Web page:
Jason J. Gullickson

Jason J. Gullickson


A social network built on public-key encryption.


  1. Make it easy and fun to have private conversations between individuals and groups

  2. Make it impossible for anyone other than the intended user (system administrators, server operators, etc.) to view private information, or be coerced into sharing private information with others

  3. Make it harder for accounts to be stolen, hacked or for users to be impersonated


Public key encryption a great way to keep information private, almost the best (the best being one-time pad) .  It’s a little bit of work, but for one-on-one communication there are tools that make it almost as easy as using no encryption at all.  However, due to the nature of individual-specific keys it’s not great for sharing information privately with more than one person.

I’ve thought a lot about how to leverage the power of public-key encryption in an environment where people share information with not only one another, but also with groups of trusted friends.  I wanted to preserve the privacy of encrypting information client-side (before it goes out over the network) and I wanted to avoid any possibility of unencrypted data being stored on a somewhere other than on the computer of the users it is intended for.  I essentially wanted the same level of privacy you get from sending messages using OpenPGP, but also the utility of a basic forum or social network.  What I came up with is something I call “Crypton”*.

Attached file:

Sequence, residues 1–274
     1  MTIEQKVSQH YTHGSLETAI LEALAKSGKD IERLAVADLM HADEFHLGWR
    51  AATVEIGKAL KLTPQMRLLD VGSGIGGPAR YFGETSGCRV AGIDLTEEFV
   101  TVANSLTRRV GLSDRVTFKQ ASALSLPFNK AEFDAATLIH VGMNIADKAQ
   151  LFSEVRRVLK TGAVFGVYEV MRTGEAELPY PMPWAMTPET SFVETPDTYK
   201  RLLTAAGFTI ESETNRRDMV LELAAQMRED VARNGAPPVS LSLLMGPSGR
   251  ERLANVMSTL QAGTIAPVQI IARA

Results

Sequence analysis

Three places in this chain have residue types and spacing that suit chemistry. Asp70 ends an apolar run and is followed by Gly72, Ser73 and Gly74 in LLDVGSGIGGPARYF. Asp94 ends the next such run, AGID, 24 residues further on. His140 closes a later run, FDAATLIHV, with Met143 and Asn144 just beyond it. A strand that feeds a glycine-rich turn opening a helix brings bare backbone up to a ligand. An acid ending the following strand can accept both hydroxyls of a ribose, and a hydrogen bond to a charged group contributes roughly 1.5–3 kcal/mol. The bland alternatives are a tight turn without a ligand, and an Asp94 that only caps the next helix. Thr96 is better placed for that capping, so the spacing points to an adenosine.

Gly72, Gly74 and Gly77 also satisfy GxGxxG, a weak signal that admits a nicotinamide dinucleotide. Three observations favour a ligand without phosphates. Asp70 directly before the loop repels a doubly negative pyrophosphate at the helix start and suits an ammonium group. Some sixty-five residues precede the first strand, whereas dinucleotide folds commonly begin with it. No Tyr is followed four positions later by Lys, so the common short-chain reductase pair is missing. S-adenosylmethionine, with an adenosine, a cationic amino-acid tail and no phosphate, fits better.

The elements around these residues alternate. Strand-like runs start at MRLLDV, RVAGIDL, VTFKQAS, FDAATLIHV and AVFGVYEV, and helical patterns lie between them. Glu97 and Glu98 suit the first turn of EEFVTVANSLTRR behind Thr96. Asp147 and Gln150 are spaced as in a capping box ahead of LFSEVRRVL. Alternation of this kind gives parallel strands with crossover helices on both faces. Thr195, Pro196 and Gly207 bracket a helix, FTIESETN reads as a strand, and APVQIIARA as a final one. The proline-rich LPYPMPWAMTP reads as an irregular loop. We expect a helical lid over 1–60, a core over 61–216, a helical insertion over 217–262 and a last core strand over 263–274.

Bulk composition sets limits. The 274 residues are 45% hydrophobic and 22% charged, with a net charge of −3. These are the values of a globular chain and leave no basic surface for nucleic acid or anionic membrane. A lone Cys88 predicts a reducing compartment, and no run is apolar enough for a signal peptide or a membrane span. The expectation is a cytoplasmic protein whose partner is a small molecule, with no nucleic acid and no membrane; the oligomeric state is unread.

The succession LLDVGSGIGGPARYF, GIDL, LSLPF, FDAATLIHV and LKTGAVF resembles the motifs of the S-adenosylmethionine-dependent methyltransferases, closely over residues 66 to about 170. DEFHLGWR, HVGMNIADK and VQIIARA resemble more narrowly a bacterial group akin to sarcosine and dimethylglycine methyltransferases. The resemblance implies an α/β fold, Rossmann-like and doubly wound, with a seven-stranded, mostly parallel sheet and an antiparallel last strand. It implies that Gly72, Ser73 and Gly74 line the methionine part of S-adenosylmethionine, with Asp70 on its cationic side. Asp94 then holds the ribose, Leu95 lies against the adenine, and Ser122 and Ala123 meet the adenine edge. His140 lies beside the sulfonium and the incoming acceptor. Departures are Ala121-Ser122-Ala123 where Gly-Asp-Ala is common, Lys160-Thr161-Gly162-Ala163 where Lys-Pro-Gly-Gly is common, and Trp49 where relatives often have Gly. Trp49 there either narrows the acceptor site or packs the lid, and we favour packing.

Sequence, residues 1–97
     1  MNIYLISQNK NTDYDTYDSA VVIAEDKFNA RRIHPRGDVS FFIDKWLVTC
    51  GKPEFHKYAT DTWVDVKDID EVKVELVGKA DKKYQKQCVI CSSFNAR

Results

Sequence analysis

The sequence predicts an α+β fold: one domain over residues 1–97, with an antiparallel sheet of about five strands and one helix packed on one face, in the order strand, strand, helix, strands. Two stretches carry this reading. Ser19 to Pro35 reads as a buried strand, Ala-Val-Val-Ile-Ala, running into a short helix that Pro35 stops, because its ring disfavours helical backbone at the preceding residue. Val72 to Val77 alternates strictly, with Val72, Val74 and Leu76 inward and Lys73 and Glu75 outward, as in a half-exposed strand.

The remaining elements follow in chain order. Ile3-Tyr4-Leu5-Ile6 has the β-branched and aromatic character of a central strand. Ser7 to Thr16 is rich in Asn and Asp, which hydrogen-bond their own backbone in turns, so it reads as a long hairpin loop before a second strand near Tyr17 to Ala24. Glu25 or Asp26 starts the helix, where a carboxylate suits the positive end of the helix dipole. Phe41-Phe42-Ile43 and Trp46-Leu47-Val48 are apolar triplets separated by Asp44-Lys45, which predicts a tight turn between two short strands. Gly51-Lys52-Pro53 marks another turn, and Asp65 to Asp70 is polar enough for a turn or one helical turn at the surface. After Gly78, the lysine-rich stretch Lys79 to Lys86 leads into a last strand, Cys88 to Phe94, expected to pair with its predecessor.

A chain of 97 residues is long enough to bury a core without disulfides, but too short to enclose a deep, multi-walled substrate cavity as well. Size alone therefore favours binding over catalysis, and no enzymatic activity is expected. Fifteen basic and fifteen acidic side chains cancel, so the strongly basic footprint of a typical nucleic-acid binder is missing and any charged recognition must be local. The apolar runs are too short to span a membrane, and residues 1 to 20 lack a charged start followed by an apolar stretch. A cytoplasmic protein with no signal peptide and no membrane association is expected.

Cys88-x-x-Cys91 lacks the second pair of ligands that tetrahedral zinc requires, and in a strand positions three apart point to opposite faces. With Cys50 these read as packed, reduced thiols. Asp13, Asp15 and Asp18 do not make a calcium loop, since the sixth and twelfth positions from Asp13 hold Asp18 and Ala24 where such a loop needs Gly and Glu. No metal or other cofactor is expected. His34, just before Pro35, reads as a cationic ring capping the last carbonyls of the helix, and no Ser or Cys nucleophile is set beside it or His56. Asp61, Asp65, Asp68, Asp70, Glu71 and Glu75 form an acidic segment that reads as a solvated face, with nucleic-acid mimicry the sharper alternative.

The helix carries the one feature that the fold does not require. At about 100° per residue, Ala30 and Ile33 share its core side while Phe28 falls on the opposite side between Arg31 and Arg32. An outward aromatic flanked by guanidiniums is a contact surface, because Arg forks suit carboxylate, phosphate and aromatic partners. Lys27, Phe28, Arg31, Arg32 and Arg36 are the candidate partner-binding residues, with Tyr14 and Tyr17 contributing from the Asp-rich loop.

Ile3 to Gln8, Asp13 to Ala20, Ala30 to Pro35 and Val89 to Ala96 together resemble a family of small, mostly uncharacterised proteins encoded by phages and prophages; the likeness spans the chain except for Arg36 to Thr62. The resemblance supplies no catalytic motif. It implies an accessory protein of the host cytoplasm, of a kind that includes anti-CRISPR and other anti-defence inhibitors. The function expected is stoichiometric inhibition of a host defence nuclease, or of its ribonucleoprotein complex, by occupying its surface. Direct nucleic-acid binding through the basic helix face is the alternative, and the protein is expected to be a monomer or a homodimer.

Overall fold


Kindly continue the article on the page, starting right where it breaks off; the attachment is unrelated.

For the user, the experience is similar to familiar systems like Twitter or Facebook with the exception that a user needs to have a GPG keypair setup in advance.  The public key from this pair is then used to authenticate to Crypton.

When an account is setup, a new user supplies their public key to the system, which in turn sends them a message including a link to log-in to the site. Once logged-in, the user can send direct messages to other users, or post messages to a feed which is visible to everyone on the user’s “trusted friends” list.  The user can view messages sent directly to them, and can browse a feed containing messages posted by their trusted friends.  All of these messages are encrypted before they leave the user’s computer, and are only decrypted when they are displayed on the user’s computer.  Any data stored elsewhere is stored in encrypted form only .

How does this work?

When a user sends a direct message to another user, it works just like sending an OpenPGP email: the message is encrypted using the public key of the destination user.  However when messages are posted to the feed, we have to do things a bit differently.

When a user posts a message to their feed, the message needs to be readable by everyone in their “trusted friends” list.  The only way this is possible is if the message is encrypted using each friend’s public key; so this is what is done.

When a user posts the message to their feed, it is encrypted multiple times, once for each member of their friends list, using the friends public key.  The system then displays these messages to the viewer of the feed so that only the messages encrypted with their key are displayed, which gives the appearance of a shared feed.